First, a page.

The place I went to had been discontinued. It was an old abandoned camp. I went to the region in order to sell things, so I had some conversations with the people there. I had trouble not shedding tears as I listened to them.
Q: Can you give some examples of things you heard from these former prisoners?
HJ: I heard many stories about how mothers and fathers died. In order to make a living, you have to dig dirt. Anyone who was caught making an attempt to escape or even just showing signs of wanting to escape was shot on the spot.
Q: Terrible. Thanks for sharing these details with us. Looking back to praying with your grandmother. What did that look like?
HJ: My grandmother would lock the door and hold services that were 30-40 minutes long. She started out with praise songs, and we would sing together. After praises, she would make a speech that I did not understand back then. I now think she was reciting the Apostle’s Creed. Afterwards, she would pray for her family, like her sick son or daughter. She seemed to relay her family’s goings-on to someone.
I would sing along and shut my eyes during her prayers, and simply follow along when she said, “In the name of Jesus, Amen.” My grandmother seemed to be free of worries and stress when she sang and prayed. I found it surprising how we would sing songs that were banned in North Korea. The image of my grandmother singing praise songs was simply beautiful to me as a child.
Q: Do you still remember one of those songs?
HJ: My grandmother really enjoyed ‘Father, I Stretch My Hands To Thee’, and that is the one I remember. That is also the first song I heard when I went to an early morning prayer session at church. That was at the first church I went to after I entered South Korea and got out of the resettlement centre. That song made me cry a lot when I first got there.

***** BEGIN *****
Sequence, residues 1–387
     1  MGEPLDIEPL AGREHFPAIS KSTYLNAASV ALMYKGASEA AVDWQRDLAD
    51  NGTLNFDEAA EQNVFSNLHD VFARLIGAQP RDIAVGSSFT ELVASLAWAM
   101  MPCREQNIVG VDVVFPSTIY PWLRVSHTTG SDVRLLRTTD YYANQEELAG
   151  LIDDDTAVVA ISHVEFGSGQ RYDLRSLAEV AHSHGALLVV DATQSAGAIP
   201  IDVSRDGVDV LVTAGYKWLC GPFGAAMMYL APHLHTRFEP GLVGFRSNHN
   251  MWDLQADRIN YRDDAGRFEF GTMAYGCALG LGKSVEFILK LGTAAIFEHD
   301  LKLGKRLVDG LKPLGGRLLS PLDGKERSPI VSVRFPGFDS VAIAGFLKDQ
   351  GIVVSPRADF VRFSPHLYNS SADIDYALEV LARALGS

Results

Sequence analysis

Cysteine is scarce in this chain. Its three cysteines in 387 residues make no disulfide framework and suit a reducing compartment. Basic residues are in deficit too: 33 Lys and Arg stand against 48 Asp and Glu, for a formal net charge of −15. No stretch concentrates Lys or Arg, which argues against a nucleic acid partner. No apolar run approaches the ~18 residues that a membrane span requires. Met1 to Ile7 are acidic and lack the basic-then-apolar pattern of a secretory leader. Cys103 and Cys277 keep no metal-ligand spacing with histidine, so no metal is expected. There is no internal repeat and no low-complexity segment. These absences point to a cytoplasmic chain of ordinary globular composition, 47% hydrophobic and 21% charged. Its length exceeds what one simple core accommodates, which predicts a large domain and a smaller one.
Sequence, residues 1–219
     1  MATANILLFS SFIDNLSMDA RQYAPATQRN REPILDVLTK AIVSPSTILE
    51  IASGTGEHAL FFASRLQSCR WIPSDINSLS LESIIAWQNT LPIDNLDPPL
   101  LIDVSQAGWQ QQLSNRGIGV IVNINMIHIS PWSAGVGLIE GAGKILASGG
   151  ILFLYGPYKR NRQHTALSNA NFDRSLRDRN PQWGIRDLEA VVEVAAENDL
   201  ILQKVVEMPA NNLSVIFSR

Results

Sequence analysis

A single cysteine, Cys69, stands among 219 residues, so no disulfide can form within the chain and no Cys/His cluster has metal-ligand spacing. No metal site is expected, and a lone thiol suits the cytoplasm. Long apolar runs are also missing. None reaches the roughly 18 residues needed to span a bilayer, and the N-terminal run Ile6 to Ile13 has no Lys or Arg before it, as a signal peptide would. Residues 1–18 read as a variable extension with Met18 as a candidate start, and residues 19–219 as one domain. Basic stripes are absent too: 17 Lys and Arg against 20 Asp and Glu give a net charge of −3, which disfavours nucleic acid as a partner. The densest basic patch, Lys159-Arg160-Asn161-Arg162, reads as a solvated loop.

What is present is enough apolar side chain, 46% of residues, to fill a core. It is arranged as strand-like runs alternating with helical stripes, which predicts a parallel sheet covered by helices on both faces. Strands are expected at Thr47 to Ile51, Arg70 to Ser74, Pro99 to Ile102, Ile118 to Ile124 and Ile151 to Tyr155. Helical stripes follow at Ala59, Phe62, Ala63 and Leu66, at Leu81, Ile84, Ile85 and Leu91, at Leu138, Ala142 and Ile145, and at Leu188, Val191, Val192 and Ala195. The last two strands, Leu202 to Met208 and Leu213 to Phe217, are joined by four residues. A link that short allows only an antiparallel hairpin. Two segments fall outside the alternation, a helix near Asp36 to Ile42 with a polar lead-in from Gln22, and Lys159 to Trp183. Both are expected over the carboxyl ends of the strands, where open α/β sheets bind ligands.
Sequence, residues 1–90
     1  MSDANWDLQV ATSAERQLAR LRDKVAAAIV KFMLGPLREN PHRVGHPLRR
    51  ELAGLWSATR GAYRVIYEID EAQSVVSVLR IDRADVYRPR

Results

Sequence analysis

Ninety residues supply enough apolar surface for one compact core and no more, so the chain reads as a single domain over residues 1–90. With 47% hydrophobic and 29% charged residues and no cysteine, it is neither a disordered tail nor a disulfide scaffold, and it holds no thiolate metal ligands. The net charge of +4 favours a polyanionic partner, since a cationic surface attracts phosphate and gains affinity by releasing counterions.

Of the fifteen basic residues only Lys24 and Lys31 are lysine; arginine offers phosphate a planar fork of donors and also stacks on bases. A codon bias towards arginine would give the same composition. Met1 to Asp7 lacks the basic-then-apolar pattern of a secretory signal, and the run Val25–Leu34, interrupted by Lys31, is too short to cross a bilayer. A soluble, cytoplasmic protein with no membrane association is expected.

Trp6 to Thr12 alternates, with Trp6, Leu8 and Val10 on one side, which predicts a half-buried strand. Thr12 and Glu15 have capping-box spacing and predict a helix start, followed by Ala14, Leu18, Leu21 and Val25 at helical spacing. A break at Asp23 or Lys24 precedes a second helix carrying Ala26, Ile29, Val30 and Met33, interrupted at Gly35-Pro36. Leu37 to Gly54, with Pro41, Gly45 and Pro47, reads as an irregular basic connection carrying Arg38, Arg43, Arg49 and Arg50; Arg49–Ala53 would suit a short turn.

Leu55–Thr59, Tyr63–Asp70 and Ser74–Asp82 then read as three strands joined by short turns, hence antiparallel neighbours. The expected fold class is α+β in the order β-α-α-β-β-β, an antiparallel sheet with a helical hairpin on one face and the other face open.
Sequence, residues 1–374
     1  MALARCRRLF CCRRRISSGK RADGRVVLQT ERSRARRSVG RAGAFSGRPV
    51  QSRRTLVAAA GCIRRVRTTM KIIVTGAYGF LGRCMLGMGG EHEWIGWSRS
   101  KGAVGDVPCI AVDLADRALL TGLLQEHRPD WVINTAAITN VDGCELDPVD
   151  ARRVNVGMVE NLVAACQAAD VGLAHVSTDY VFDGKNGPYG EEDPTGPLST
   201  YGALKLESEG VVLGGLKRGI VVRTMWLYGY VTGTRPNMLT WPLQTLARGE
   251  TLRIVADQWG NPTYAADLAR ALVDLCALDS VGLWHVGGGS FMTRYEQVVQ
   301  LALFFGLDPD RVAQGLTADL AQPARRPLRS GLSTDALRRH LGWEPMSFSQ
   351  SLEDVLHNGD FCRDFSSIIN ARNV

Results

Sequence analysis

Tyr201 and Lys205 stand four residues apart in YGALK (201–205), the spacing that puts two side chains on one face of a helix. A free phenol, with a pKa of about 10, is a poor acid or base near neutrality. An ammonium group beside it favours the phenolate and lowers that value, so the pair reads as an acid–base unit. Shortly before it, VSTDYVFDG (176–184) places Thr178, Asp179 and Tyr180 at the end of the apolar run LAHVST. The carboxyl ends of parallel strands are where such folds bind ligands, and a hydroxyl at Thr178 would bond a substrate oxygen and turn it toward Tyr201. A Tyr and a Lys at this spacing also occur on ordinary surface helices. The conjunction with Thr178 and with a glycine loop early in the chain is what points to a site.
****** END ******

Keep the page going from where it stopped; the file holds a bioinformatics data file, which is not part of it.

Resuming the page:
I feel a path that allows me to continue living. I want to know God more, and why my grandmother prayed so much when my uncles opposed [her prayers] so heavily. That I can pray now is an answer to her prayers. I am so thankful that I can now pray for my family in North Korea and North Korea itself.
That I can praise God is... because I experienced His existence personally, what I can do for Him is to praise Him and acknowledge His path for me. I’m so happy to be able to affirm Him and to follow Him always. As I continued to know God through reading the Bible in South Korea, I realized that my life was very blessed. Despite my hardships in North Korea, my life is a blessed one. I did not know God, but He knew me first. I am so thankful that He allowed me to know how blessed I am.
Q: I’m really struck by your faith after you got to South Korea. So many refugees leave the faith once they come here.
HJ: I sincerely believe in the power of prayer. So many people pray for North Korea. Prayer has power. My grandmother prayed so many times amidst persecution, praising God with a cheerful heart. I remember her always being filled with joy.
She never lost hope during hardship. God listened to her prayers, even though she must have prayed so quietly. I have experienced God’s blessings on my family and me. I am so thankful to the people that pray for North Korea. I am so thankful to the people who pray for the people there. I, too, want to become a person who makes these prayers.
Q: What do you think are the biggest needs of the Christians in North Korea?
HJ: It seems like the path upwards is blocked, but the way is open. It would be nice if the [North Koreans who came to South Korea ] deliver the Gospel to other North Koreans and prepare the country for reunification.
What we can do from here is to do radio broadcasts. I think there are too few at the moment. And we can pray. Pray for the safety of secret believers. That’s the most precious, because they cannot live out in the open, they lead lives that are humanly impossible. What we can do is to send media and provide material support. They really need that.
Open Doors helps North Korean Christians – people like Hee Jin’s grandmother – survive by providing food, medicines, clothes and clothes. We also strengthen their faith by delivering Bibles and Christian material, providing Biblical training and shelter in Chinese safe houses, giving Bible study and pastoral care to trafficked North Korean women in China and by broadcasting Bible programs via radio.